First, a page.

STARNBERG, June 6, 2022 (Guest Post)
We currently live in one of the most exciting eras of tennis – but before Nadal, Federer, and Djokovic there were the greats like Roy Emerson and Rod Laver.
Nadal is on the verge of cementing his record as one of the greatest of all time – you can find the best tennis odds on this and more here.
Laver is one of the most successful Australian tennis players in history. While the playing styles are very different today, there is more money in the sport, the players train more intensely – Laver still holds many of the sport’s records.
Laver played a large chunk of his career before the beginning of the Open Era. Before the Open Era, only amateur players were allowed to play in the big tournaments. So, many of Laver’s victories came before he went professional.
Much of Laver’s career overlapped with Margaret Court, who is the other legendary figure of Australian tennis.
Today, we are going to look at the life and career of this amazing player.
Total Majors Wins
Laver holds the record for most career title wins with 198 wins.
He is the only player ever two do 2 Grand Slams (all four major tournaments one in a single year). He did this in 1962 and 1969.
Australian Open –
Singles – 1960, 1962, 1969
Doubles – 1959, 1960, 1961, 1969
French Open –
Singles – 1962, 1969
Doubles – 1961
Mixed Doubles – 1961
Singles – 1961, 1962, 1968, 1969
Doubles – 1971
Mixed Doubles – 1959, 1960
US Open –
Singles – 1962, 1969
Davis Cup –
1959, 1960, 1961, 1962, 1973
Early Life And Amateur Career (1957-1962)
Rod Laver was born in Rockhampton, Queensland on 9 August 1938. His parents were farmers.
After his tennis career took off, Laver moved to California. It was here that he met his wife, Mary who he married at the age of 27. Mary had three children from another marriage, this caused quite a scandal but Laver still insisted on marrying her. Their wedding was attended by many famous tennis players of the time. The couple was together until Mary passed away in 2012.
Laver left school early to pursue his tennis career. In 1957, he won the Junior US Open and Junior Wimbledon.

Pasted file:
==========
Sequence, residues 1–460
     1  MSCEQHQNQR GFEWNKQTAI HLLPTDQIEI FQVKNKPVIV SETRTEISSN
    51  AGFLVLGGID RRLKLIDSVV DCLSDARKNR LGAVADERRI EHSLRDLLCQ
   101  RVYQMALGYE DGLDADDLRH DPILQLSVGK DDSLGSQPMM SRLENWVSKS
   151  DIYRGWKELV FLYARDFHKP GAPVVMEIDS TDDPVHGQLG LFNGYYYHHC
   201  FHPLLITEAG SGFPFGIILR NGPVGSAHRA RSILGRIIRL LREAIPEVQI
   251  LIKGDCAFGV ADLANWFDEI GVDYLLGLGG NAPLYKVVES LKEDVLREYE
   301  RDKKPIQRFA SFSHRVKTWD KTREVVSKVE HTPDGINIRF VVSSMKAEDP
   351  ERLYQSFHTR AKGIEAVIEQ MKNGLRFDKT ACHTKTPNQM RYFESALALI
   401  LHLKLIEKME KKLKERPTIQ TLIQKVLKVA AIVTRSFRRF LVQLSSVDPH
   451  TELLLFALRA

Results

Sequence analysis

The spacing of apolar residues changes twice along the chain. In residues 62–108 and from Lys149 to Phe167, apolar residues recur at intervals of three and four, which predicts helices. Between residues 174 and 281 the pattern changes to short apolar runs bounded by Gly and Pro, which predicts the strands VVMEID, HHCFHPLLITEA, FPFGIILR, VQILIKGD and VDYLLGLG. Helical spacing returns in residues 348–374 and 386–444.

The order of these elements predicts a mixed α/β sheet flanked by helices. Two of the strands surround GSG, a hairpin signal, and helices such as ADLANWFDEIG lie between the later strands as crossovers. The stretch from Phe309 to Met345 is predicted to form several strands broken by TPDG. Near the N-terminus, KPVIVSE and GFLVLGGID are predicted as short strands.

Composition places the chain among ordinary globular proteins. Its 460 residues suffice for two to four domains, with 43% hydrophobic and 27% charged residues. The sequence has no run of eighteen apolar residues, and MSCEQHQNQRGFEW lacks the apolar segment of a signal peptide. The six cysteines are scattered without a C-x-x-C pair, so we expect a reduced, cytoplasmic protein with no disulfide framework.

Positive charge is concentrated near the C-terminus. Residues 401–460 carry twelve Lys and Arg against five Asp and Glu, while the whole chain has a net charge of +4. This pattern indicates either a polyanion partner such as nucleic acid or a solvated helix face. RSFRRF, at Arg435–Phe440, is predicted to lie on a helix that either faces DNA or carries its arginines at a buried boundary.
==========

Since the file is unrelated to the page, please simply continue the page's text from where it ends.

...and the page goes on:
In 1959, he made it to all three finals at Wimbledon (Singles, Doubles, and Mixed Doubles), he won the Mixed Doubles tournament that year. He was unseeded in every category. His semi-final in the Singles lasted 87 games. He ended up losing the final to Alex Olmedo.
In 1960, Laver won his first major tournament at the Australian Open. The next year, we won Wimbledon for the first time – he won in straight sets and the game lasted 53 minutes.
The next year, Laver won all four major tournaments in the year, as well as winning 18 other titles around the world. Notably, he won the Wimbledon final in 52 minutes (this is still the shortest Wimbledon final of all time).
That year, the Australian Davis Cup team won the title for the fourth year in a row. After that they would have to wait another 11 years for the next win – Laver was there to help them do it.
Pro-Era (Pre Open Era) 1963-1968
After turning Pro in 1963, Laver was banned from playing in the opens for 5 years until the Open Era began.
However, he joined the Pro circuit and continued to enjoy success.
He won the Pro U.S Tennis Competition 5 times, 4 of these times were consecutive between 1966 and 1970.
It was during this period of his career that Laver’s rivalry with Ken Roswell was established. The pair often played each other in finals – their relationship was very similar to the early Federer-Nadal relationship.
In his final two years before the Open Era, Laver won 16 (1967) and 18 (1968) tournaments. In 1968, he won the four most important titles in Pro tennis (the Wembly Pro, the US Pro, the French Pro, and the first Wimbledon Pro).
Pro-Era (Open Era) 1969-1976
In1968, the Open Era began. Professional players were allowed to take part in the major tournaments again. This change was the beginning of tennis becoming a fully professional sport.
In 1969, Laver shocked the world by winning a Grand Slam for the second time. He is the only player to have won it twice, he is one of only two players to win a Grand Slam, and he is the only player to do it since the start of the Open Era.
The other Grand Slam player was Don Budge. Budge was an American player and achieved this in 1938.
That year, Laver entered 32 Singles tournaments and won 18 of them – this is an Open Era record still.
Between 1970 and 1972, Laver took a step back from the major tournaments, but still took part in many matches on the circuit and remained the world number 1.
In 1970, Laver won all 5 of the Rich Tennis Tournament events – Sydney Dunlop Open, Philadelphia, Wembley, Los Angeles, and South African Open – this competition laid the groundwork for what would eventually become the ATP masters tournament.
In his 8 years playing in the Open Era, Laver won 73 Singles titles and 34 Doubles titles. Despite turning 30 before the Open Era began.
He retired from tennis in 1976.